About the Author

Paul Herdtner

Paul Herdtner is the corporate communications manager at Adknowledge. He has spent most of his life as a storyteller, first as a journalist working at television stations across the country and now in the business world. Paul is based at the Kansas City headquarters.

Former Sprint CEO Dan Hesse Joins Adknowledge Board of Directors

KANSAS CITY, Mo –January 28, 2016– Dan Hesse, former Sprint CEO, has joined the Adknowledge board of directors, where he arrives with more than three decades of industry experience. Each of the products in the Adknowledge portfolio—including digital video, social media advertising, apps and mobile email—leverages the unique abilities to connect with consumers through mobile. (more…)

You Have a Professional Reputation…How About a Personal Brand?

Remember when you only had a professional reputation? It conveyed something like, “Yeah, I’d hire him again” or maybe, “She’s an incredible employee. You’d be lucky to have her on your team.”

Now, it’s an issue of personal branding. What’s the difference? Well, it’s subtle, but Amazon founder Jeff Bezos once said it’s “what people say about you when you are not in the room.”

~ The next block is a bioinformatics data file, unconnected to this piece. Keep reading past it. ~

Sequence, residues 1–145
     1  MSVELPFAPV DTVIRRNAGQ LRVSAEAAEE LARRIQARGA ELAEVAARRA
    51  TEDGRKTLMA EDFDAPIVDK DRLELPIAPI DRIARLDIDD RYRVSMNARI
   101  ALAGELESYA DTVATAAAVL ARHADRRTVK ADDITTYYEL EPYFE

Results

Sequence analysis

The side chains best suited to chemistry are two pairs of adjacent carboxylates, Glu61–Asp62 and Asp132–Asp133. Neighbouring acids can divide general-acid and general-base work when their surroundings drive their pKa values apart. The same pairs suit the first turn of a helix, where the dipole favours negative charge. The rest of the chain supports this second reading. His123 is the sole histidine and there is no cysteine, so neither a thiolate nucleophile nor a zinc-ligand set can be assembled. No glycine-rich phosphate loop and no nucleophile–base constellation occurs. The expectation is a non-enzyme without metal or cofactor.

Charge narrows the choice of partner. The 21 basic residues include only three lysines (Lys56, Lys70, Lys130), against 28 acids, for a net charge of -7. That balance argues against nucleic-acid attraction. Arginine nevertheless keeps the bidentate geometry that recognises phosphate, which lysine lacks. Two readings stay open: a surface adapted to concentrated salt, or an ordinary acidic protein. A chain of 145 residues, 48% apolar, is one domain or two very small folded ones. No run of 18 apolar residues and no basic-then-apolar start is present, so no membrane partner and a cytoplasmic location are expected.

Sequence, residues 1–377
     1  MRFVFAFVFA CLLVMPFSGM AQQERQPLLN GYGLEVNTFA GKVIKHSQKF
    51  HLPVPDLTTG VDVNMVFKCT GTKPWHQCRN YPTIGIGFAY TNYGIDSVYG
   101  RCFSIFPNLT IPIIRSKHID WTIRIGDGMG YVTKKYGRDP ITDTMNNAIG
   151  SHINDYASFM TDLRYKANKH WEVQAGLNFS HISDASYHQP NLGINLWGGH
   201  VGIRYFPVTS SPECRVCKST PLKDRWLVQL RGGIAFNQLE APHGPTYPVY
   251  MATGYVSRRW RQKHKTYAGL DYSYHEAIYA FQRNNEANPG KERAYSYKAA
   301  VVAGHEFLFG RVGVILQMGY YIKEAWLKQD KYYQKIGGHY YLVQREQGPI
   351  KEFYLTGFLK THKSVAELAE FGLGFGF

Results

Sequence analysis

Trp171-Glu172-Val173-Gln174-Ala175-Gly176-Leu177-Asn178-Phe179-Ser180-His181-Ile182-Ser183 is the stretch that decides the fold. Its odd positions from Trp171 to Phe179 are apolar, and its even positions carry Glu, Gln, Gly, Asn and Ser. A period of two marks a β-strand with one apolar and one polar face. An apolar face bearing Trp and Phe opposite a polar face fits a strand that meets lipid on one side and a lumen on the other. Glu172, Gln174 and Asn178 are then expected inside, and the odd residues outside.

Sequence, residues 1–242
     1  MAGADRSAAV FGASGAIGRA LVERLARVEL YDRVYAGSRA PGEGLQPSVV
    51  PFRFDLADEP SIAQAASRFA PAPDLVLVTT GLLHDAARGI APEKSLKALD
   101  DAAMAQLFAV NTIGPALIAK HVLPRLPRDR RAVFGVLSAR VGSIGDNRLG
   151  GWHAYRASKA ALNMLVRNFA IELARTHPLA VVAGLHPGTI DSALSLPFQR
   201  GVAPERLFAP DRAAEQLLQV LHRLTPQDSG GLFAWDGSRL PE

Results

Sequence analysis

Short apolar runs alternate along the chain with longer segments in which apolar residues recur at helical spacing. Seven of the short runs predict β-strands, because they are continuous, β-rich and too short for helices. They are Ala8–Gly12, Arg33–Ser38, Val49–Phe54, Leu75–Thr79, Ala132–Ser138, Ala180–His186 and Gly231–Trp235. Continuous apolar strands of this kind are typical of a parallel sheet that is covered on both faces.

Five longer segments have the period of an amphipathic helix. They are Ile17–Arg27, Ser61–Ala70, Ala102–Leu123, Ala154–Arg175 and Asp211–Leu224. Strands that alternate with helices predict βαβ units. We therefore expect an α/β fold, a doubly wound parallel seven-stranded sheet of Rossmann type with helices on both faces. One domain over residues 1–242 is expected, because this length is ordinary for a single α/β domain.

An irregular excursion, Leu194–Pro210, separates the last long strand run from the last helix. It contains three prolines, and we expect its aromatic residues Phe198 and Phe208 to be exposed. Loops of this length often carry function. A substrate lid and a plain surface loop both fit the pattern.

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Here’s Why LinkedIn Is Career CPR

“I’ve pretty much killed my career.”

That statement from a former colleague sent a chill through me as I shared a drink with her recently. She’s looking for a job after spending more than a decade working for a national company. Since she worked absurdly long hours and also had a family to care for, she didn’t have much time for networking lunches and building her personal brand.

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The Internet Has Spoken: Keeping Score on Super Bowl Advertising

Even before the Super Bowl kickoff, there’s reason to keep score.

Lots of game day advertisers have already released their ads—or portions of them—on YouTube. Some have drawn rave reviews; others have already gotten a digital tar-and-feathering and won’t see the light of day during the Super Bowl broadcast.

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Making Super Bowl Advertising Work on YouTube

You’ve probably seen the going rate for Super Bowl advertising during NBC’s game broadcast this year: $4.5 million. For 30 seconds. And don’t forget: during the commercial breaks, a certain segment of the audience will be running to the fridge for beer and guacamole.

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